Atoms are the only limit, as Arkcon pointed out. And if a thin tip is more interesting than a thin cylinder, you have a single atom at the sensing point of a tunnel effect microscope or an atomic force microscope.
You have some intermediate diameters between drawn steel wire and nanowires. For instance the usual carbon fibres used in composites have commonly 4µm to 7µm diameter. Gold wires used (less and less) to bond silicon chips are but thicker. Beams of silicon can be made narrower by semiconductor processes. Asbestos fibres split down to some 20nm diameter.
One limit is stiffness, yes. No material is magic here: steel is already excellent, a few ceramics are just 2× stiffer, nanotubes 5×https://en.wikipedia.org/wiki/Young's_modulus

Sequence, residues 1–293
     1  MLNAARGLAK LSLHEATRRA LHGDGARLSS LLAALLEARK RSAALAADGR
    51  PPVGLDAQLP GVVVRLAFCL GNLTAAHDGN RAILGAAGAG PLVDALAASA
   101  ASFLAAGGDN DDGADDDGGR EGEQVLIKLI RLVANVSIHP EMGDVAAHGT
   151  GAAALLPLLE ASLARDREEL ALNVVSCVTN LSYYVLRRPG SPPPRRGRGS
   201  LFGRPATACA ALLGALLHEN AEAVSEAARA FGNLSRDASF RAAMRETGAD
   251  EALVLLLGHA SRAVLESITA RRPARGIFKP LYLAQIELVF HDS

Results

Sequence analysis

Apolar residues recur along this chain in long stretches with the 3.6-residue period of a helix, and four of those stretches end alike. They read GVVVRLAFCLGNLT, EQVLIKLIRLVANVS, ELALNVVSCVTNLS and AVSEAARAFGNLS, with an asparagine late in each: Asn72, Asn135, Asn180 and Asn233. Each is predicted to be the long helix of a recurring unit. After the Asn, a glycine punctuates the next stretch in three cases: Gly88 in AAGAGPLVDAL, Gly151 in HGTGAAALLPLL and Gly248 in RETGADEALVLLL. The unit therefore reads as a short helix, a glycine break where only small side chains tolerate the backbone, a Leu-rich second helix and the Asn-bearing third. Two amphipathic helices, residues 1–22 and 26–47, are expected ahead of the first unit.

So the diameter makes all, and the stiffness of a cylinder (or of any beam) varies as the thickness high 4. If comparing at identical length, the limit is close. I didn't use steel wires, but steel sheets of 0.1mm are already quite flexible, so you couldn't push with a good human force on a 0.1m long sample.
On the other hand, if the needle's length scales down like the diameter, then there is no such limit, because a beam's stiffness varies as the length high -3 too. You may also refer to beam buckling by compressionhttps://en.wikipedia.org/wiki/Euler%27s_critical_load
which tells that, if the length and diameter vary by the same amount, then the buckling force varies as much as the cross-section area does, just like the limit by the material strength does.